FDA & Trump at Odds Over “Fast Track” Cure?Print This Post
Desperate times call for desperate measures. In an effort to gain control of the Coronavirus pandemic, President Trump is issuing an executive order to expand the use of investigational drugs for a possible cure. This decision is being met by objections from the Food and Drug Administration (FDA) concerned over risks the drugs could pose to patients. But is this dispute real and should we trust the FDA?
During such an unsettling time in our country, the public should be aware there is more than meets the eye.
Long before Trump came into office, the FDA introduced a process meant to “curtail the duration in drug regulation and approval process, and to facilitate the discovery and marketing of drugs targeted for serious or rare diseases and to accelerate the approval of molecules showing superior efficacy than the existing one.” This practice is referred to as “Fast Track” and it was introduced back in 1988. Fast track is intended for situations such as the coronavirus, when there is an unmet medical need. So why is the FDA acting like this is unheard of? Why is the FDA all of sudden concerned about Fast Track and drug safety? If the FDA really cared about drug safety, they would educate the public on the MedWatch program, a program designed specifically to track adverse side effects.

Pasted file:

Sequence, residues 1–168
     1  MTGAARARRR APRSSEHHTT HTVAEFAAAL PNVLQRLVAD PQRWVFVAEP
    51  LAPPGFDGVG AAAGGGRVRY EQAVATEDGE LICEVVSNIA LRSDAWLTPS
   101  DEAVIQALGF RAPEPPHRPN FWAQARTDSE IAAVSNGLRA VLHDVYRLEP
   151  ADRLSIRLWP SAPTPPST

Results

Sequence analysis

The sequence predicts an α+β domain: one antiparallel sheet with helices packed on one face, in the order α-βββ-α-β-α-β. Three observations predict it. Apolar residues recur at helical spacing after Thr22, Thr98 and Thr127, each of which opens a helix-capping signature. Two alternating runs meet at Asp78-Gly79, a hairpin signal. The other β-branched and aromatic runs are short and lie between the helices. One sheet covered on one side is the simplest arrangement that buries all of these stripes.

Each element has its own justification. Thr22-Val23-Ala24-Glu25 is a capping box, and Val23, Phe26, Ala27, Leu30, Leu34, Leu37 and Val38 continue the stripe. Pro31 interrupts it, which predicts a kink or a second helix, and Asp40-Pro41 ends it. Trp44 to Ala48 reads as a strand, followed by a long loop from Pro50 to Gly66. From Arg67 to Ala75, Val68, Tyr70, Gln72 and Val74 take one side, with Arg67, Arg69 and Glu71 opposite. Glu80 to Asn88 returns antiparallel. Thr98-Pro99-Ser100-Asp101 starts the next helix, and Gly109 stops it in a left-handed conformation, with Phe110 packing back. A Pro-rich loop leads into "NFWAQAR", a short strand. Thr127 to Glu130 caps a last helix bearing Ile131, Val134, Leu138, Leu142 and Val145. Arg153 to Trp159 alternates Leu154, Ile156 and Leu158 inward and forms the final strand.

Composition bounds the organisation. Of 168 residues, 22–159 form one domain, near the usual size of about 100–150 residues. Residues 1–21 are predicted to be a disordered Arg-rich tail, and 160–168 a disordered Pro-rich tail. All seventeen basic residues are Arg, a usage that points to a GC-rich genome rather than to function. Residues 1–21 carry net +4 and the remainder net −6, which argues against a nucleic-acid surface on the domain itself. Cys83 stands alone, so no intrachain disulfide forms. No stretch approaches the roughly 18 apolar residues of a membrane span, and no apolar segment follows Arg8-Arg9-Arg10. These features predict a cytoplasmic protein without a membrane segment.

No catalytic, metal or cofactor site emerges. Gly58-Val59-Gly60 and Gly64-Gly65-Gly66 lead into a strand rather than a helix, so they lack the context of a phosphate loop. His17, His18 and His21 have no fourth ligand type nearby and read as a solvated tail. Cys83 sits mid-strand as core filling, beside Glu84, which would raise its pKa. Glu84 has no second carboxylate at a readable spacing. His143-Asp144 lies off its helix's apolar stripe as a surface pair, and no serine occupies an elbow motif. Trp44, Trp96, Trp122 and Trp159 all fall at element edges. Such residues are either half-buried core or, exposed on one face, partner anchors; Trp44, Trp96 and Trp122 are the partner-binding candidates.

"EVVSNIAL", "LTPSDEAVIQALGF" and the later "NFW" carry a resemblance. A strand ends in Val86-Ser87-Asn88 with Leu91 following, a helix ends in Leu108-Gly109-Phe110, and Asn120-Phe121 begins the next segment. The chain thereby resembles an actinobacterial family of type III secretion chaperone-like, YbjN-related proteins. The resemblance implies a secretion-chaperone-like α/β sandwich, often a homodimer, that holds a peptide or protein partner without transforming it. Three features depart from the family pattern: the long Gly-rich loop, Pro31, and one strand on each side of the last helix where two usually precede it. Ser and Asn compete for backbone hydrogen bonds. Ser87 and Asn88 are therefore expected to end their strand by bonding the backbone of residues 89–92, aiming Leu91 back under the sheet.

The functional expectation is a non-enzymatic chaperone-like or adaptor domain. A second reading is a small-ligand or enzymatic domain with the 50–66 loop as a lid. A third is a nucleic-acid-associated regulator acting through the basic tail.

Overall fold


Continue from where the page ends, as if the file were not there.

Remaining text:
Medwatch is intended to benefit the consumer, who can report directly to the FDA any adverse side effects. Medwatch is used by the FDA to publish safety alerts, guidelines on these products, and work with the drug manufacturers to create safer medications. Medwatch is such an important life-saving tool for the consumer, particularly at a time like this, yet few people know it even exists. One must ask, why isn’t the FDA educating the public and lawmakers on MedWatch? It is almost a sure bet that President Trump isn’t even aware of the MedWatch consumer reporting program.
Fact, adverse drug reactions are a leading cause of death, claiming 350 lives each day.